The steel sheet in the protective layer can be quite thin as it is not under structural stress and its only purpose is to inhibit the passage of sodium which may have migrated through the graphite layer above it which protects it from all other bath ingredients. The steel sheet should be at least 5 mils in thickness to be useful in the invention, while a thickness of from 20 to 30 mils have no increased effectiveness as protective barriers although their efficiency as chill plates is increased. Such thicker sheets are heavier and more difficult to handle and may be more expensive.

With reference to aluminum production the invention has been described as applied to the modern type of cell where the cathode consists of individual blocks. The invention is equally useful however in the older type of aluminum cell where instead of such individual cathode blocks the cathode is of the so-called rammed or tamped type. In such cells a thick layer of a mixture of pitch and anthracite and sometimes coke granules is spread across the cell over a layer of alumina on top of the bottom insulation and rammed or tamped into a solid electrode surface with bus bar connections to the power source. Upon baking, such an electrode develops voids and fissures into which both components migrate. A protective layer according to the invention therefore is quite effective when placed above the bottom insulation.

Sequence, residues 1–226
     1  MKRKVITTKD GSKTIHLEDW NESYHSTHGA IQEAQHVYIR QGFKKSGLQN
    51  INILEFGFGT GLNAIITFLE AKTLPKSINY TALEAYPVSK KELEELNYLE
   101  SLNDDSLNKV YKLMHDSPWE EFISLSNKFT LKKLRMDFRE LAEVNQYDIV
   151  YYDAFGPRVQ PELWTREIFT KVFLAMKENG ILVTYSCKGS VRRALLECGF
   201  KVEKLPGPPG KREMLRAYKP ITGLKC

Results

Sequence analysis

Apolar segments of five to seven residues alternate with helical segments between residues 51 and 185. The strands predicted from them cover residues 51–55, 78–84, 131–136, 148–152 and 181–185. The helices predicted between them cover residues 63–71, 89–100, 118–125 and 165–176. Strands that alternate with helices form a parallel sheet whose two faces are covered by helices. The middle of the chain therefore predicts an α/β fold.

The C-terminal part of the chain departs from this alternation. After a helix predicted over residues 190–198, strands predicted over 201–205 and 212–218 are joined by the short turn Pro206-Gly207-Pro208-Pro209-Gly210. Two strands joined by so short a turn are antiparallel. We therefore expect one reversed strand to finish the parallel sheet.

For clarity and convenience, the invention has been described principally with respect to an electrolytic cell for the production of aluminum by the electrolytic reduction of alumina. The protective barrier provided by the invention however is equally useful in any electrolytic cell where protection is required against similar corrosive elements in the electrolytic bath. A particular application is in the production of magnesium from magnesium chloride and barriers according to the invention are quite useful in such cells.